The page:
After one of the worst fire seasons to impact the rapidly declining Port Stephens koala population on record, some good news has emerged with one of the severely burned pouched mammals now healed and prepared to be released back into the wild.
Eila, a five-to-six year old mother, was found by Port Stephens koala rescuers suffering from severe burns - most significantly to her paws - as a result of the horrific December 13 Mambo Wetlands fire last year.
It is understood that at least five koalas perished in the deliberately lit bushfire.
The Port's longest serving carer, Anna Bay's Sue Swain, said that it was a miracle that Eila - who was carrying a joey at the time - survived the intense fire.
At the same time, Ms Swain has called on the public to report all koala sightings in future.
"Eila had protected her joey [named Cohen], aged about 12 months, and suffered terrible burns and blisters to her paws," Ms Swain said. "Due to mum's protective instincts, Cohen received only slight injuries and was returned to his Salamander Bay habitat after a short stay in care."
Ms Swain said that in the six months since taking Eila into care, the young mum has recovered well although it would be another few months [during spring] before her paws grew back to normal size.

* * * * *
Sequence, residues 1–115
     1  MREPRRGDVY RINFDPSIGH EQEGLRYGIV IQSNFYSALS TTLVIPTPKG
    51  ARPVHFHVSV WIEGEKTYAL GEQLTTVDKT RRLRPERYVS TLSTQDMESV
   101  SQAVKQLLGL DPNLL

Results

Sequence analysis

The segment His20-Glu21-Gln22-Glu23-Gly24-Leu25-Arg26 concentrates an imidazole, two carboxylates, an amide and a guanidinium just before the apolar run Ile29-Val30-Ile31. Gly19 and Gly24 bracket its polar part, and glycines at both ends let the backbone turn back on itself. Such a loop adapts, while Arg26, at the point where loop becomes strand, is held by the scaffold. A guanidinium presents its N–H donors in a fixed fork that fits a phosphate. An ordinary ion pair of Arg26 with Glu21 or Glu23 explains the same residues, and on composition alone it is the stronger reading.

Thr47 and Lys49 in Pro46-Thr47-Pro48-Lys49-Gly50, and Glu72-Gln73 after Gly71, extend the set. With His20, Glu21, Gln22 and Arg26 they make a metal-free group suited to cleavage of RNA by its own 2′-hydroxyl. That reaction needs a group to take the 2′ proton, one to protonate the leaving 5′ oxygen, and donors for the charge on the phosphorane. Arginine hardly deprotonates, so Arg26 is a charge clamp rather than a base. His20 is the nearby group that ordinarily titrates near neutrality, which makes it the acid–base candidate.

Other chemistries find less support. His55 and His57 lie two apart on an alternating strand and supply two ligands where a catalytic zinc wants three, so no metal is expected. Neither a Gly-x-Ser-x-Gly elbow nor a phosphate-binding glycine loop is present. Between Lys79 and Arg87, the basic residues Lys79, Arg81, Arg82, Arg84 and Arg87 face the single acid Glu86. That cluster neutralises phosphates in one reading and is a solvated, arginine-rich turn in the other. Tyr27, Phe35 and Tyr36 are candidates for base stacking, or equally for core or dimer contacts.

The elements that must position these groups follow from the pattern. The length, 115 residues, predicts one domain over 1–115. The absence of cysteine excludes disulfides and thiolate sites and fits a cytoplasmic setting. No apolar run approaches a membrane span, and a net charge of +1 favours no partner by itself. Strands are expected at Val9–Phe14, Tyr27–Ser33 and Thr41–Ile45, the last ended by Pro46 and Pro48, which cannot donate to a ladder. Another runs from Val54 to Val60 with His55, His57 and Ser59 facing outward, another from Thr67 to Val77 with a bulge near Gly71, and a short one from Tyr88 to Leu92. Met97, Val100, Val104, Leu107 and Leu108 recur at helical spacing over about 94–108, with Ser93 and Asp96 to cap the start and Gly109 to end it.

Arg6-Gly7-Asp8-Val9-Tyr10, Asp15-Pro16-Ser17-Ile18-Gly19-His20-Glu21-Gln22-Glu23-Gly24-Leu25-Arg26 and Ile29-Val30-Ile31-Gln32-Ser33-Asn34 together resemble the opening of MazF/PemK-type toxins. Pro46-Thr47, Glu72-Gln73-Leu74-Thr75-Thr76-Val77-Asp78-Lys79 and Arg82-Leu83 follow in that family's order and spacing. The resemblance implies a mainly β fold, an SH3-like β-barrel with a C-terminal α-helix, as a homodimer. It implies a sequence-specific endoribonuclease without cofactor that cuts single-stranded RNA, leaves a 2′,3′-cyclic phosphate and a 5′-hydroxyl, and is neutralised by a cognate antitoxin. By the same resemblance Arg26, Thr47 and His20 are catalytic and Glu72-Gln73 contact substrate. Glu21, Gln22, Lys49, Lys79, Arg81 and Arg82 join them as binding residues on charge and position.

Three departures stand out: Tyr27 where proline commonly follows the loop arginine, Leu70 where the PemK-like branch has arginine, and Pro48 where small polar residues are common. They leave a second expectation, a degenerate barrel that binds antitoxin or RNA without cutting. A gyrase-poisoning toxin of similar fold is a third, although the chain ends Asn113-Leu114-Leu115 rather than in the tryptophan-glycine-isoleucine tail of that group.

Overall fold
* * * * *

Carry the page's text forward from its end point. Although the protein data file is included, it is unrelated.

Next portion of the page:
"Hopefully by the time she is ready for release, the trees at Mambo Wetlands where she was rescued would have also regenerated to allow for her release back into familiar territory."
Fearing a more rapidly declining population, Port Stephens Koalas (PSK) has called on residents to report all koala sightings in future, "regardless of whether or not people believe they may be in danger".
"The number of rescues are down by almost half this year which is not a good sign," Ms Swain said.
"We have experienced and qualified carers ready to respond to koala sightings for an immediate visual check. Our carers can spot a health issue and immediate treatment if required."
While Eila continues her recovery at the One Mile Beach sanctuary, Ms Swain has taken into care another injured koala, named Medowie Bindi, after the 18-month-old juvenile was spotted in Hodges Drive, Medowie, with a wet behind (sign of chlamydia).
It was the 646th koala the Anna Bay grandmother has cared for in her 15 years with Port Stephens Koalas.
Medowie Bindi takes the total number to 4790 of koalas to be recorded in PSK's database since 1994.
This includes koalas rescued, as well sightings of koalas found dead or alive.
As of June this year, the total number of koala sightings reported to PSK is 28.
In 2015 that number was 42 and in 2005 it was 52.
"There are many factors involved in why numbers have declined over the years, but we believe it indicates a reduction in koala numbers in the wild," said PSK data manager Murray Black.
PSK has a new rescue number, 1800 PS KOALAS, which can be contacted 24/7.
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